On 24 April, 1494, Columbus left the settlement with three of the fleet's ships to search for the Chinese Mainland (still thinking he had landed in the Orient). About six days later, he found Cuba again, and sailed along the south of the island. But an island with a great deal of gold was brought to his attention by the natives, and after only three days of inspecting Cuba, Columbus went in search of this island. He found the island of Jamaica on 5 May, but the natives on the island were not friendly, and he chose to leave on 13 May, arriving back to Cuba the following day. He gave up his expedition in June though, when exploration around the island became difficult. However, Columbus refused to admit he failed in his search for a mainland, and forced the crew of his three ships to sign a document that simply said that Cuba was probably the mainland because it was very big.
By this time though, Columbus was becoming seriously ill. He went back to Jamaica again but fell unconscious and was returned to Hispaniola on 20 August, 1494. He stopped exploring and returned to La Isabella soon, where he was pleased to find that his brother Bartholomew had come in from Spain. Columbus, who had not seen his brother in eight full years, made him the first lieutenant of the colony. Columbus spent about two years there, and the Europeans discovered new islands and colonised the areas.
Columbus also noticed that the natives of the island were organising and planning to destroy the Europeans. Columbus captured more natives and fought with them periodically. He established the Tower of the Conception, which he used for protection against the natives occasionally.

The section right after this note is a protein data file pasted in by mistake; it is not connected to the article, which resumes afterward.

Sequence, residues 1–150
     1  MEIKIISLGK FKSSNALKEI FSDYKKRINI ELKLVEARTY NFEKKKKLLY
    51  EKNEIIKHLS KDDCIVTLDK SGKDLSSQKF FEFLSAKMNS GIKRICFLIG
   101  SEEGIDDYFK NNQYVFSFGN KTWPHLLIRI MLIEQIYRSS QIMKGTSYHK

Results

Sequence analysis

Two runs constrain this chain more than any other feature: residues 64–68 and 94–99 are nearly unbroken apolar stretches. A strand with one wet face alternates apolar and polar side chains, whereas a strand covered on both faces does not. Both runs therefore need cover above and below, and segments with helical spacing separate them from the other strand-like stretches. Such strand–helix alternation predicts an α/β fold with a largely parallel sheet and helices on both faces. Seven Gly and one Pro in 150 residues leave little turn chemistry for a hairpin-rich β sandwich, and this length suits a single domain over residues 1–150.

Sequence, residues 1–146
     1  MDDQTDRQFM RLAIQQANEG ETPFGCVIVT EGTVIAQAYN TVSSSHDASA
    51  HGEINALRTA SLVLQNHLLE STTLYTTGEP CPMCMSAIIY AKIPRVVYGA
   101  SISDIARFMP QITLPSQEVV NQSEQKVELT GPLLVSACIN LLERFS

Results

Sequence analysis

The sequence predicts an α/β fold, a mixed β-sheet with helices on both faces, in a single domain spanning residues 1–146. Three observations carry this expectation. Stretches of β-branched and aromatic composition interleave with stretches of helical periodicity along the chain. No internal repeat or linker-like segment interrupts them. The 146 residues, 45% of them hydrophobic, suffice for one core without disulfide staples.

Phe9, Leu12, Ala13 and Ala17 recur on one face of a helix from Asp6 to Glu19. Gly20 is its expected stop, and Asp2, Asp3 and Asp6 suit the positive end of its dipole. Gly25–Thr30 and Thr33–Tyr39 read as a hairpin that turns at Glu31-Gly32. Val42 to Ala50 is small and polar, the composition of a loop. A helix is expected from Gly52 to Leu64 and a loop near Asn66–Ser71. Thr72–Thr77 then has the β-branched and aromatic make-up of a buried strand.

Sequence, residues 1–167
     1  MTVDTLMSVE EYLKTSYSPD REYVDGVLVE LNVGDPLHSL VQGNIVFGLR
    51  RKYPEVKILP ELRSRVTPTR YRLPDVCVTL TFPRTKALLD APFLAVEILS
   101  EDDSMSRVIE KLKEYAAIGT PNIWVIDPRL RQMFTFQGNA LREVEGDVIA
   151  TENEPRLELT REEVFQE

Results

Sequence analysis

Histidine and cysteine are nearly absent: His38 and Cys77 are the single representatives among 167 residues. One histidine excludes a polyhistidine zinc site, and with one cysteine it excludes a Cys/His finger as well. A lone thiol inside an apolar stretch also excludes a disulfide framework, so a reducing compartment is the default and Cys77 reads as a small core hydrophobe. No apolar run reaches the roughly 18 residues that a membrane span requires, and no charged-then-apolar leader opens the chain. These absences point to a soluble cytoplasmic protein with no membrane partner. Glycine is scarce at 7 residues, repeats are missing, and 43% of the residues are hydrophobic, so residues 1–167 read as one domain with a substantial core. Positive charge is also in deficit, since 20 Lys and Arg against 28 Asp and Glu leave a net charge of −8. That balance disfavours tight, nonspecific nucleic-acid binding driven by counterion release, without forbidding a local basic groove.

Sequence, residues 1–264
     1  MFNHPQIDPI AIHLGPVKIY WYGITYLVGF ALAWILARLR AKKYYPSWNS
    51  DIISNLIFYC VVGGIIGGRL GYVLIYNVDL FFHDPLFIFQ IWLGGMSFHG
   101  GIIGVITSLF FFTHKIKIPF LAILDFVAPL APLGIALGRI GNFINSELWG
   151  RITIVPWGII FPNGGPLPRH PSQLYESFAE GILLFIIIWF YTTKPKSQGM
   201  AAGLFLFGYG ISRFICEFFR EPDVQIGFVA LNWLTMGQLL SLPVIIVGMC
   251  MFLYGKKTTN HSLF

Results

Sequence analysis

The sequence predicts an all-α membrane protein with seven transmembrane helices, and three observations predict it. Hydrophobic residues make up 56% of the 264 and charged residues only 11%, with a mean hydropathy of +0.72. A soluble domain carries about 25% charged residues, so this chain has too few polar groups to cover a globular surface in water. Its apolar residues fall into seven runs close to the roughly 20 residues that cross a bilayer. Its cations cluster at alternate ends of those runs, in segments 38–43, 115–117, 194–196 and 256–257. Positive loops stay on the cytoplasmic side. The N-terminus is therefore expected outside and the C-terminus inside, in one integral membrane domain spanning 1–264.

Three ships were sent back to Spain with some Carib prisoners and items from the Indies. Columbus asked that they be enslaved, but they were treated with the same courtesy that the natives from the first voyage had seen. Failing slavery, he hoped that they might be taught Spanish and be used as translators, but Queen Isabella turned it away. This made Isabella upset, and she never supported Columbus quite as readily after this.
The Spanish throne had clearly said that Columbus was to be peaceful and nice to the natives. However, by 1495, the Caribs were becoming a major problem for the Europeans. Columbus requested that the Crown allow him to enslave the Caribs, but the monarchs refused. At some point, Columbus became determined to stop the problems with the natives. So despite the orders of the monarchs, Columbus enslaved 1,600 Arawak people in February, 1495 and 550 were sent to Spain. He treated many of these slaves harshly, and was very cruel to those who disobeyed him. The slaves he shipped to Spain were quickly shipped back, though only a small part of the 550 survived.